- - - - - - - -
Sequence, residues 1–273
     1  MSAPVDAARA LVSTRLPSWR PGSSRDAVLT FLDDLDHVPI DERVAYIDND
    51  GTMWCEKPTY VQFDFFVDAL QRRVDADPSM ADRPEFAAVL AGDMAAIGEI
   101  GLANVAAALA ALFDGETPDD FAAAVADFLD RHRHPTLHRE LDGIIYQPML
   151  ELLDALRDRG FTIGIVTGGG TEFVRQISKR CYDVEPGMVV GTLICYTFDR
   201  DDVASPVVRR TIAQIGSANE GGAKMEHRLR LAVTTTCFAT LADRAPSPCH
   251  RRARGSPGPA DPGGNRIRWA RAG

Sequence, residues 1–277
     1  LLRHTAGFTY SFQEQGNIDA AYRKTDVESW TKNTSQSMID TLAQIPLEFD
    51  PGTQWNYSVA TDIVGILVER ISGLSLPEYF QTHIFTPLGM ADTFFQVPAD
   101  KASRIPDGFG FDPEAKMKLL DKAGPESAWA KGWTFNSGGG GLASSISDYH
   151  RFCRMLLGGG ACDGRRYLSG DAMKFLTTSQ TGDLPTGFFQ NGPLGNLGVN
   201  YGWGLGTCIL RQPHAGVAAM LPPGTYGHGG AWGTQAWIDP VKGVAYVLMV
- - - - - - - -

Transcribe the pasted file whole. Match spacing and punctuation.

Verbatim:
Sequence, residues 1–273
     1  MSAPVDAARA LVSTRLPSWR PGSSRDAVLT FLDDLDHVPI DERVAYIDND
    51  GTMWCEKPTY VQFDFFVDAL QRRVDADPSM ADRPEFAAVL AGDMAAIGEI
   101  GLANVAAALA ALFDGETPDD FAAAVADFLD RHRHPTLHRE LDGIIYQPML
   151  ELLDALRDRG FTIGIVTGGG TEFVRQISKR CYDVEPGMVV GTLICYTFDR
   201  DDVASPVVRR TIAQIGSANE GGAKMEHRLR LAVTTTCFAT LADRAPSPCH
   251  RRARGSPGPA DPGGNRIRWA RAG

Sequence, residues 1–277
     1  LLRHTAGFTY SFQEQGNIDA AYRKTDVESW TKNTSQSMID TLAQIPLEFD
    51  PGTQWNYSVA TDIVGILVER ISGLSLPEYF QTHIFTPLGM ADTFFQVPAD
   101  KASRIPDGFG FDPEAKMKLL DKAGPESAWA KGWTFNSGGG GLASSISDYH
   151  RFCRMLLGGG ACDGRRYLSG DAMKFLTTSQ TGDLPTGFFQ NGPLGNLGVN
   201  YGWGLGTCIL RQPHAGVAAM LPPGTYGHGG AWGTQAWIDP VKGVAYVLMV